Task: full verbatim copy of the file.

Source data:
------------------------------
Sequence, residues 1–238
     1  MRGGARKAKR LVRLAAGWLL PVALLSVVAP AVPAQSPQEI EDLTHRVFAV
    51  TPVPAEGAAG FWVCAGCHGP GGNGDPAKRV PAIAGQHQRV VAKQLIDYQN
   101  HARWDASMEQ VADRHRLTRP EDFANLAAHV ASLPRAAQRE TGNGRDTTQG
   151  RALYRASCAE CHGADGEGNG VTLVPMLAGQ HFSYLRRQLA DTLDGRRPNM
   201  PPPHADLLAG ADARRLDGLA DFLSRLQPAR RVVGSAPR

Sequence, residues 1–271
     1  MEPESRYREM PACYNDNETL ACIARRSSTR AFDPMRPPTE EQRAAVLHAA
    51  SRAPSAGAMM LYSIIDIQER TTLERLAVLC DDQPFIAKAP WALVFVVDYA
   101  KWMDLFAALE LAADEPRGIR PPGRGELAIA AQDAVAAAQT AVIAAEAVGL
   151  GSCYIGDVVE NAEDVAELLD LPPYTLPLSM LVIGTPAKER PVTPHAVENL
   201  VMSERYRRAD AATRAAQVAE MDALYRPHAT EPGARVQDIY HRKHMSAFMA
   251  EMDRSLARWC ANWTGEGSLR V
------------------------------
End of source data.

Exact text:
Sequence, residues 1–238
     1  MRGGARKAKR LVRLAAGWLL PVALLSVVAP AVPAQSPQEI EDLTHRVFAV
    51  TPVPAEGAAG FWVCAGCHGP GGNGDPAKRV PAIAGQHQRV VAKQLIDYQN
   101  HARWDASMEQ VADRHRLTRP EDFANLAAHV ASLPRAAQRE TGNGRDTTQG
   151  RALYRASCAE CHGADGEGNG VTLVPMLAGQ HFSYLRRQLA DTLDGRRPNM
   201  PPPHADLLAG ADARRLDGLA DFLSRLQPAR RVVGSAPR

Sequence, residues 1–271
     1  MEPESRYREM PACYNDNETL ACIARRSSTR AFDPMRPPTE EQRAAVLHAA
    51  SRAPSAGAMM LYSIIDIQER TTLERLAVLC DDQPFIAKAP WALVFVVDYA
   101  KWMDLFAALE LAADEPRGIR PPGRGELAIA AQDAVAAAQT AVIAAEAVGL
   151  GSCYIGDVVE NAEDVAELLD LPPYTLPLSM LVIGTPAKER PVTPHAVENL
   201  VMSERYRRAD AATRAAQVAE MDALYRPHAT EPGARVQDIY HRKHMSAFMA
   251  EMDRSLARWC ANWTGEGSLR V